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What Men Should Know about Gout

There are more than one hundred types of arthritis, but gout is among the most common and the most painful.

Gout is caused by too much uric acid in the blood, a condition called hyperuricemia. In addition to causing excruciating attacks, if left untreated, the excess uric acid builds up into deposits. These tophi can lodge in the joints, causing mobility issues and long-term joint damage. People who have experienced a gout attack liken it to rubbing shards of glass in their joints. In addition to pain, gout is linked with many other health conditions.

In honor of Men’s Health Month this June, here are five facts that men should know about gout and how it affects their health.

  • Men are more likely to have gout than women. In fact, men are four times as likely to have gout than women. It’s a well-documented gender imbalance that’s driven by a combination of hormones, genetics and other factors.
  • Erectile dysfunction is more common in men who have gout. Research shows erectile dysfunction is present in most men with gout and is frequently severe. This finding supports calls for screening all men with gout for the presence of ED. The co-occurring conditions can both be treated.
  • Gout may lead to increased risk of cancer. Increased levels of uric acid can contribute to inflammation, which can lead to the development of cancer. According to some research, patients with gout are 50% more likely to develop cancer, with prostate cancer – the second leading cause of cancer death among men – being the most common.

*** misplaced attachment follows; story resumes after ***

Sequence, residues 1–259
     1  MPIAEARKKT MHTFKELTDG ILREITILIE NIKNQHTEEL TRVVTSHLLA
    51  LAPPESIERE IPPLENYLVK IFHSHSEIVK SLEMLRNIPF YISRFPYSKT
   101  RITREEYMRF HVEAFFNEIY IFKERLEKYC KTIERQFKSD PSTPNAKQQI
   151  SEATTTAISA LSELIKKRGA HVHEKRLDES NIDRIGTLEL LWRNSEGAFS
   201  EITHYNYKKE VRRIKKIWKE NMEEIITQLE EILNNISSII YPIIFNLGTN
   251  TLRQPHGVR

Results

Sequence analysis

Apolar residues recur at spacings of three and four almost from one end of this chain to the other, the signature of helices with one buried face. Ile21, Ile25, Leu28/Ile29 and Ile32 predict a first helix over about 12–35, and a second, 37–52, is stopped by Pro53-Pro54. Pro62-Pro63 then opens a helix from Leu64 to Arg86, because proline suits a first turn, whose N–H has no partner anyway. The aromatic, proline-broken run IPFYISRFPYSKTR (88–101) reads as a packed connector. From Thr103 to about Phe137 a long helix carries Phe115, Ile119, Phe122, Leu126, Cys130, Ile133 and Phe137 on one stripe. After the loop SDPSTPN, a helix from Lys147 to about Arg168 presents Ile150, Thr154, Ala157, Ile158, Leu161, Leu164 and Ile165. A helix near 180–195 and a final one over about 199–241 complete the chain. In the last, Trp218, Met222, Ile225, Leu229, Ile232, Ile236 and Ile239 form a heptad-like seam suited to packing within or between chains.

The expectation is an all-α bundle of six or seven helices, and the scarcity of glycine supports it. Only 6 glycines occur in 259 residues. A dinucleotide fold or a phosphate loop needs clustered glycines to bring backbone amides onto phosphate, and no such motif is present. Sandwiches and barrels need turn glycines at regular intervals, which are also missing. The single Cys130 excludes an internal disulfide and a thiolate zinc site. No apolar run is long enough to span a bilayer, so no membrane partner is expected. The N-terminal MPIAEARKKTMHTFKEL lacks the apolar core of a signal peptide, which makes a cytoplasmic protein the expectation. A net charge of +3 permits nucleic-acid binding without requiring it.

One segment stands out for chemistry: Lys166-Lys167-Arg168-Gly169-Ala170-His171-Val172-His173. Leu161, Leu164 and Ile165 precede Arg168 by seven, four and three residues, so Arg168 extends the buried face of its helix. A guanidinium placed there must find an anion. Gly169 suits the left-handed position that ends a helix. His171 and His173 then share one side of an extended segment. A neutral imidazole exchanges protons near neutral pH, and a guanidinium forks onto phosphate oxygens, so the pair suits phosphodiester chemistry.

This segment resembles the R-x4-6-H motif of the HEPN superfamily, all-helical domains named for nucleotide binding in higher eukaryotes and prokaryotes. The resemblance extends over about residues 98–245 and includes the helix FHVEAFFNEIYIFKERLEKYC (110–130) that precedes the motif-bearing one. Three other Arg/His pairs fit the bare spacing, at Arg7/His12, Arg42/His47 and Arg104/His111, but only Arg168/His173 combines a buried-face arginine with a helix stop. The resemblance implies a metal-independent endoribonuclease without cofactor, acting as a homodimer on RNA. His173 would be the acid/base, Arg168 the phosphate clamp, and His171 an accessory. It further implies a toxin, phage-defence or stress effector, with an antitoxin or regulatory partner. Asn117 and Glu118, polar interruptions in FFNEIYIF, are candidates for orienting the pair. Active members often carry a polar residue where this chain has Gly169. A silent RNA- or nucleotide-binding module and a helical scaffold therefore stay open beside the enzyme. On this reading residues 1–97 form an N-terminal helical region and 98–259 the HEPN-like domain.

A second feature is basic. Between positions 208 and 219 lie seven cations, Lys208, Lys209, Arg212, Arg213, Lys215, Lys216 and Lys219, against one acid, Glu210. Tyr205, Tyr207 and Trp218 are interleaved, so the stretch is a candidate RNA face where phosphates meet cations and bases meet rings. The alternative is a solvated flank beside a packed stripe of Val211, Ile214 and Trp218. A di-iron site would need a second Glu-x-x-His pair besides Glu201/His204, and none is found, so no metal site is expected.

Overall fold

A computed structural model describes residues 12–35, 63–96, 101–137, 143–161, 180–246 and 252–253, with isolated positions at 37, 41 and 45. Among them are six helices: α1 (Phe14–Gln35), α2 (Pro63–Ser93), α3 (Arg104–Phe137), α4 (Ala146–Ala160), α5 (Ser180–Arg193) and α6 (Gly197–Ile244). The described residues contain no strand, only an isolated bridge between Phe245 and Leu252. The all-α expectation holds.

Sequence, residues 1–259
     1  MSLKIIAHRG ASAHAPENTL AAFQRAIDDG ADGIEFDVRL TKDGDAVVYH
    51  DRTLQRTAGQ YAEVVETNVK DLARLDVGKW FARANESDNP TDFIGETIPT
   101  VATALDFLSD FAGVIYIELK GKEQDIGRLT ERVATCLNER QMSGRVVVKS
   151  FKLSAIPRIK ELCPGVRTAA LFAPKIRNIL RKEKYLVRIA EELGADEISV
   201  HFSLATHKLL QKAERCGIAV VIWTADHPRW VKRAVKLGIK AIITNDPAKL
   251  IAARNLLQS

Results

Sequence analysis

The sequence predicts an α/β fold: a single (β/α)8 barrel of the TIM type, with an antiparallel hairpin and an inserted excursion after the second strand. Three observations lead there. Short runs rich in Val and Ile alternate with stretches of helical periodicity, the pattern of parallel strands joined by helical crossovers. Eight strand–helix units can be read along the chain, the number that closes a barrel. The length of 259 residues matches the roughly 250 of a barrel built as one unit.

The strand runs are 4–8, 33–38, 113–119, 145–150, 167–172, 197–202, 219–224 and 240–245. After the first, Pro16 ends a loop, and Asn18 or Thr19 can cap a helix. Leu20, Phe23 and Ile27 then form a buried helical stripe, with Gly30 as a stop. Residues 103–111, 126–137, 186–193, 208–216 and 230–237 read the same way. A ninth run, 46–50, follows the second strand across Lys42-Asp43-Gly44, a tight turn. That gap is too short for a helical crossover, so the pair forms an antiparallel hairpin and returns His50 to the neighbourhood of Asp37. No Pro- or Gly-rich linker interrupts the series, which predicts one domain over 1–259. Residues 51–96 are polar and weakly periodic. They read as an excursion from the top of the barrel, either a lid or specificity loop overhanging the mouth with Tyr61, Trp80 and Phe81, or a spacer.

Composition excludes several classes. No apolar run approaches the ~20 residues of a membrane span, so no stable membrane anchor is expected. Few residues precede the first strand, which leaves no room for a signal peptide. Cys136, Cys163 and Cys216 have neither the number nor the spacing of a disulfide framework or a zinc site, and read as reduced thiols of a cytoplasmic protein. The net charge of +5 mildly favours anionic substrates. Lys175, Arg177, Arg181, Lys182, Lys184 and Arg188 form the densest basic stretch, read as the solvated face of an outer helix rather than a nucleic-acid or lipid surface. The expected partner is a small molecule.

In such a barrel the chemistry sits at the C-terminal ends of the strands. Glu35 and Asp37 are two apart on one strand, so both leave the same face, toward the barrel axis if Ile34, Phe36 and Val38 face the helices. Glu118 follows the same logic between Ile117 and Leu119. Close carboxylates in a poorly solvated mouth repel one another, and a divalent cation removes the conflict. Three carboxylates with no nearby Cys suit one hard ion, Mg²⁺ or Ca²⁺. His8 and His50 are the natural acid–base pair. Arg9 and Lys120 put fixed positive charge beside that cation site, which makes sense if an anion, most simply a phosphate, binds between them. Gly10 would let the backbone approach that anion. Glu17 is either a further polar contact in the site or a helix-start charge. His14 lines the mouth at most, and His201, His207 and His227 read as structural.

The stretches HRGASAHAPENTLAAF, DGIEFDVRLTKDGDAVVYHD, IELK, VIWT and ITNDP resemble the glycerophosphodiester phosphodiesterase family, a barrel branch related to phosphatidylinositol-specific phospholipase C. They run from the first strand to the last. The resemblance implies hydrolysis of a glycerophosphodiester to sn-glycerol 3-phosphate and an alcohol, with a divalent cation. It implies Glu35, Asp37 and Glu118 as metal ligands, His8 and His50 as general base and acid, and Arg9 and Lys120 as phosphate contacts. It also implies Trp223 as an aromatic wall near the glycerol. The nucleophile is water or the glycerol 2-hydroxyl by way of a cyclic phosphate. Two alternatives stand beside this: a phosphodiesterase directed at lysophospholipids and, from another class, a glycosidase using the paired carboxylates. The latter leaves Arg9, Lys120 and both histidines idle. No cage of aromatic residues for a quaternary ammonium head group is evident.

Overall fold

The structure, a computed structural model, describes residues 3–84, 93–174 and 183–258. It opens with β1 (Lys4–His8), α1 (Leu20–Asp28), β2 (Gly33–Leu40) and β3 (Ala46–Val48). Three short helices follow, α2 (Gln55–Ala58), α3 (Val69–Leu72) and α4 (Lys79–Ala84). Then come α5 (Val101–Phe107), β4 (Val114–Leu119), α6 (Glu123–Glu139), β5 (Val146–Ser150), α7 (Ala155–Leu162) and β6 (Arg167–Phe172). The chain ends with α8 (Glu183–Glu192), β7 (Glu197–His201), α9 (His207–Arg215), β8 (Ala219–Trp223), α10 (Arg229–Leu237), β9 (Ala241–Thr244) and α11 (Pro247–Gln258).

• Gout is associated with higher rates of cardiovascular disease death. Gout is associated with higher rates of heart disease mortality, which is the kills more than 358,000 men annually. The two conditions share many common comorbidities including hypertension, smoking, diabetes and obesity.
  • Men are less likely to seek treatment. Despite the excruciating pain of gout, many men put off seeing a health care provider. Research found over 40% of men only go to the doctor when they think they have a serious medical condition. Gout is serious. And it becomes more serious the longer it’s ignored. That’s why seeing a health care provider and initiating treatment shouldn’t be delayed.

This month’s observance encourages men to take charge of their health by getting screenings and initiating treatment for manageable conditions. Addressing gout and its related conditions should be among those behaviors men aim to improve this June and throughout the year.